The Panzer Killers is one of the best campaign histories I have ever read, and certainly the best I've read about the U.S. Army in Europe during the Second World War. I reviewed it for the Wall Street Journal and you should click on the link and read that review in full. Mr Bolger is himself a three-star general who in retirement has become a masterly historian. Here he tells what the sub-title promises is "The Untold Story of a Fighting General and His Spearhead Tank Division's Charge into the Third Reich." Sub-titles these days are full of hype, but this one is amply supported by the book. The general is Maurice Rose, born a Jew and indeed the son of a rabbi (and grandson of another!) whose grave in Belgium is marked by a cross, so little did he make of his religion. And he was indeed a fighting general, whose command post was called Omaha Forward, often enough so Far Forward that he tread on the heels of German panzers. Once he killed one enemy soldier and captured 12 others with his pistol; the next time, however, it was the Germans who killed him. Mr Bolger also goes a long way toward redeeming the U.S. Sherman heavy tank, too often reviled by historians who weren't there to see how well 3rd Armored Division tank crews fared against the panzers they usually encountered. When I worked for The Overseas Weekly years ago, I often traveled with 3rd Armored in maneuvers, and I am glad to know how they got their fighting name as The Spearhead. Really, you should read this book. I wish it had maps of the terrain, but otherwise I can't recommend it too highly.
Another great book, though it probably won't appeal to everyone as much as it did to me. Louis Menand is a Harvard professor and a regular contributor to The New Yorker, so he combines rigorous scholarship with brilliant writing. In The Free World: Art and Thought in the Cold War he tells the story of the golden years in America from victory in the Second World War to the fall of Saigon. This of course was the world in which I grew up, so for me those 20 years bulk larger than the 46 years that have elapsed since America shamelessly abandoned South Vietnam to be conquered in a blitzkrieg by North Vietnamese tanks. Mr Menand does this in 18 wondrous essays about books, music, painting, philosophy, student rebels and, well, gosh -- everything. He captures a generation in a way I've never seen equaled.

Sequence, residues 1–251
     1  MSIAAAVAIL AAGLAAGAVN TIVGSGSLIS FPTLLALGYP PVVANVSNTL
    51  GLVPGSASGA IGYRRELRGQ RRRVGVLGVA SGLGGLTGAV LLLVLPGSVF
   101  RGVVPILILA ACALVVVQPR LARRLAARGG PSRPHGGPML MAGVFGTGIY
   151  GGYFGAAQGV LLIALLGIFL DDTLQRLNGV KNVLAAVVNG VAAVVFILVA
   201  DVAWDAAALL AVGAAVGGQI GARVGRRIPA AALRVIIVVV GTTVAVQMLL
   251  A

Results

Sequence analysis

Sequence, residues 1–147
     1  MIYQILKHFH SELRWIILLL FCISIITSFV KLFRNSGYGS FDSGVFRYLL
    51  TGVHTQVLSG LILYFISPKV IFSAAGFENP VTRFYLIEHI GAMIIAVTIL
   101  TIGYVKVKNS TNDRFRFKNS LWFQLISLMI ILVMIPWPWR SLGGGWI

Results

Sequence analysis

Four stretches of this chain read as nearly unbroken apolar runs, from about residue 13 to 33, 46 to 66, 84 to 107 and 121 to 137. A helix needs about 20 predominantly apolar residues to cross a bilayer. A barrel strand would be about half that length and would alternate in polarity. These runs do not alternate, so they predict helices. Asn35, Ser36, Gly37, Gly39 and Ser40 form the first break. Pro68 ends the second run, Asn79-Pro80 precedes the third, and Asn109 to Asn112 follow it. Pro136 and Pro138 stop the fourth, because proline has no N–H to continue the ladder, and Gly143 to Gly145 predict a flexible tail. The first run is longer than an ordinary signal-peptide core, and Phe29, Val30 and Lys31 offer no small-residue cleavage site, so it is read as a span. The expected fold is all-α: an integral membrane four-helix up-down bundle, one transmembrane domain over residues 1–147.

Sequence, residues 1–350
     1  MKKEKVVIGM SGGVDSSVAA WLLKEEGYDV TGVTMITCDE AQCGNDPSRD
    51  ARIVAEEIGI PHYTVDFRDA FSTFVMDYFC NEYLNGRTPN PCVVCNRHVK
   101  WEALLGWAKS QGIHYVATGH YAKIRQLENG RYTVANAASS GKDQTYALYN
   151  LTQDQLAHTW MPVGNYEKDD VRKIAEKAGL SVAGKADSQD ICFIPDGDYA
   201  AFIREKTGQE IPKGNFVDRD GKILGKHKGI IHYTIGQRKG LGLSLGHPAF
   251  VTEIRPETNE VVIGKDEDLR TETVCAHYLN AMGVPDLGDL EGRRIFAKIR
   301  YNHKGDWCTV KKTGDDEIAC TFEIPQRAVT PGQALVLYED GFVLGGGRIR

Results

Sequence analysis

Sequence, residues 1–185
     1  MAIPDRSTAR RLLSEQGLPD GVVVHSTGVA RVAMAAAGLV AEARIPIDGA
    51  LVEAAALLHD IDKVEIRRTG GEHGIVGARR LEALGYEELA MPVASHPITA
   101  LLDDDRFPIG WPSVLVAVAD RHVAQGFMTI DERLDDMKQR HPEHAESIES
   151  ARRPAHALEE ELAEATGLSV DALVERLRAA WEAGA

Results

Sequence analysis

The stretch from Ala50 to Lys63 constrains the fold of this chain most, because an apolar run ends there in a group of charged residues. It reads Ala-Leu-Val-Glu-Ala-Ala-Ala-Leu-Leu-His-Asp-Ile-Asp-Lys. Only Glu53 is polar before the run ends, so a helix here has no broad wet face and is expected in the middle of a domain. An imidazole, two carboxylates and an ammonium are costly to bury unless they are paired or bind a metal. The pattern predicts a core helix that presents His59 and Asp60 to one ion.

When the Wuflu Plague kept us at home last winter, I realized that though I am still in good health, and would still be skiing if not for the risk of winding up in an oxygen tent, neverthless I'd soon be 90 years old. So I decided to write one more book, which I plan to release on my birthday, November 2: Looking Back From Ninety: The Depression, the War, and the Good Life that Followed. The words spilled so fast that by the end of last years I thought the book was done except for some smoothing. But when I read The Free World I was reminded of so many more things, from encountering Elvis Presley in Bremerhaven to falling in love with Joan Baez and Bob Dylan in Aspen, that I'm having another go at the manuscript, as books-in-progress are still quaintly called.
Fallen Tigers is an odd and rather scattershot book. The blurbs are ecstatic and the reviews are favorable or fawning, but it really fails in its promise to detail "The Fate of America's Missing Airmen in China during World War II." And it's not really about the Flying Tigers! About the only time it touches upon the American Volunteer Group that joined the Chinese Air Force in the summer and fall of 1941 is when a few of them (George McMillan, Tex Hill) later turn up as part of the USAAF squadrons that went to China in 1942. Instead the focus is on anyone who happened to fly against the Japanese over the Chinese mainland, oddly including a chapter about the Doolittle Raiders who launched from an aircraft carrier and had nothing at all to do with the Tigers. (And then, weirdly, he says nothing about the fate of the eight Raiders whom the Japanese captured, shooting three of them and so mistreating the others that only one was fit to testify at the Shanghai war crimes tribunal in 1946.) Arnold Shamblin, meanwhile, isn't mentioned in the book, though he was one of the 109 men who did join the Chinese Air Force, in his case as a flight instructor. Yet he joined the AVG combat squadrons in 1942, was shot down over China in July, was captured by the Japanese, and like so many Anglo-Americans taken prisoner did not survive the war. For more, see the Annals of the Flying Tigers Blue skies! — Daniel Ford
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